There are many enthusiasts on the Internet telling you how to select the right travel trailer for your needs and while many would swear by their designs and high-tech features, there are a few basics you should look for that may give you just what you need for your travels.
A trailer is considered as a vehicle in itself. Therefore, a trailer should have provisions that ensure safety and reliability, like brakes, brake lights, and electrical systems to hook-up with the vehicle pulling it. In some countries trailers are even required to have their own license plates to assure they are safe for use on the many roads to avoid accidents.
In selecting a trailer, one should consider the overall construction. The parts and build of the trailer would determine its ability to last and withstand the rigors of use, enabling you to get the best for your money. Most trailers use I-beam, tubular, C-Channel or L-Channel constructions for their frame. The tubular form is the most rugged among these constructions. Made either of steel or aluminum, the strengthening members that crisscross the frame should have at least 16-inch or 24-inch intervals, depending on the weight rating. The more cross members, the better because it makes the frame sturdier.
Consider the items you plan to store or transport. If you plan to carry spoilable items like food, then an insulated trailer would be best. Along with insulation, you should also consider a moisture barrier if wet or high moisture loads are to be carried. Also look for safety features such as load stabilizing anchors, tie-down, insulated wiring harnesses, and the like.
The brakes can be electrical, hydraulic or a combination of the two. The hydraulic system has a special fitting that connects the trailer’s brakes to the vehicle using fluid couplings for the fluid to travel through. Electrical systems, meanwhile, have electro-mechanical actuators, that activate the brakes depending on the braking pressure of the vehicle towing it. The combination system, meanwhile, has electrical connections but a separate hydraulic system that is activated by electro-mechanical actuators that converts the electrical energy to mechanical energy to activate the brakes.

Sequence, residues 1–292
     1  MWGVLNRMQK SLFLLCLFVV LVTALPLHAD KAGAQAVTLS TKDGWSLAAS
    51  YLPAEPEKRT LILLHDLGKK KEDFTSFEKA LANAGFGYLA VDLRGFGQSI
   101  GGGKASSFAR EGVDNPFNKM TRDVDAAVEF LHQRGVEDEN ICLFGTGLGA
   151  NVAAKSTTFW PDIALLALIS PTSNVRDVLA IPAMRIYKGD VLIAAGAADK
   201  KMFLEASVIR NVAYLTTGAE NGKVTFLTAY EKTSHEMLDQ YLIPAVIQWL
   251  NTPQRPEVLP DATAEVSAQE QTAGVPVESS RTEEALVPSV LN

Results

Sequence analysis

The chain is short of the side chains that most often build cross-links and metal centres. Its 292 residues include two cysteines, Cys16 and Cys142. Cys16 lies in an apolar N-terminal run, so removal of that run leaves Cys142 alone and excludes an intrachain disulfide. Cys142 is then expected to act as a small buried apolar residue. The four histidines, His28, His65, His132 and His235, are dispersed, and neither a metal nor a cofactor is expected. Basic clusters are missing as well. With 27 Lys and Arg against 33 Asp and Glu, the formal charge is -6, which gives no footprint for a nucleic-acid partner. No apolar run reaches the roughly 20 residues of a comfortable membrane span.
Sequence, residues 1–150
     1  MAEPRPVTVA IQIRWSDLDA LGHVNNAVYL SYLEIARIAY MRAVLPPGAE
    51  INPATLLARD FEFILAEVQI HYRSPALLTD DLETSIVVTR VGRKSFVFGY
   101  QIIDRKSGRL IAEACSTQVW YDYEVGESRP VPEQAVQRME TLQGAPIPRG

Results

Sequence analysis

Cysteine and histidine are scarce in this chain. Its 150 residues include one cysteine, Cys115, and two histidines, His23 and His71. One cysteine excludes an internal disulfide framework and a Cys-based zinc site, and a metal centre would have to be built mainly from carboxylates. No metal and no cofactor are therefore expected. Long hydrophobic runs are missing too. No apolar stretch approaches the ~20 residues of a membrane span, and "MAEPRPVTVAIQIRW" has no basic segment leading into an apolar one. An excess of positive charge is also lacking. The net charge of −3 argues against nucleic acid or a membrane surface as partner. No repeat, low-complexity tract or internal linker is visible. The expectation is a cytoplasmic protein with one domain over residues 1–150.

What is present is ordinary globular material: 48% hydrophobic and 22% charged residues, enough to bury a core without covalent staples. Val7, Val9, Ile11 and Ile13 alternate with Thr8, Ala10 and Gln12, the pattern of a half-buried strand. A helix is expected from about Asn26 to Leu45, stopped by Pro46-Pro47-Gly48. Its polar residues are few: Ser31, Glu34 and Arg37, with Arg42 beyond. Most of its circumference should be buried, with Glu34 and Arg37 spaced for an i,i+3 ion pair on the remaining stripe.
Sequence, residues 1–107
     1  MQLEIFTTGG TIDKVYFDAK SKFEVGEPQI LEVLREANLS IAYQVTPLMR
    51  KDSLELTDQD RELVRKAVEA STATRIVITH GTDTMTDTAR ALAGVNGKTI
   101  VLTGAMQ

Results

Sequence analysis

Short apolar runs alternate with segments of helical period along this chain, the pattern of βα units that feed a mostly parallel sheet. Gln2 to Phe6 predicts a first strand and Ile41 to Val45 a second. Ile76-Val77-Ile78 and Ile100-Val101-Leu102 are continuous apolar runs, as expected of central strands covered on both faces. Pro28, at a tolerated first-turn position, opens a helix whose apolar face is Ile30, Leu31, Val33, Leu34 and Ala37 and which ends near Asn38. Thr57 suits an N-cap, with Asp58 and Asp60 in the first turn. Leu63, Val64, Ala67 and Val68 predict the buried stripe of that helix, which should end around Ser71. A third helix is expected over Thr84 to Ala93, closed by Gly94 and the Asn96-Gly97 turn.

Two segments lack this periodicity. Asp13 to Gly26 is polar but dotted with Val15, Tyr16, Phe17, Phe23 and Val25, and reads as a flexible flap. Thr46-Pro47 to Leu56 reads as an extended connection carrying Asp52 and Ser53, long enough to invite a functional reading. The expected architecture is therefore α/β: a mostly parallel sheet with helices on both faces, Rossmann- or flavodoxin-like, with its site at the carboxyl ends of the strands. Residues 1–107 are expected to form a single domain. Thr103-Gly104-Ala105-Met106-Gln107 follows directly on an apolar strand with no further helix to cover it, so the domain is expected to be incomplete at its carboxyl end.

Hitch, hooks and other hardware to check. These should be tamper-proof to prevent accidents with children and mischievous campers. Torsion suspension made of rubber makes for a softer ride than leaf springs, but the latter is better suited for heavy loads. A trailer should also have hitch chains that prevent the trailer from going astray in the event the hitch either fails or is suddenly jarred loose by a bump on the road.
Be sure to scrutinize the warranty. This assures you that you can get service for any reason that the trailer should fail with reasonable use. The longer the warranty period, the more likely that a trailer is designed and built to withstand stress before any problems manifest. Some are brand conscious, but when it comes to equipment like travel trailers, you should look for a balance between cost and need.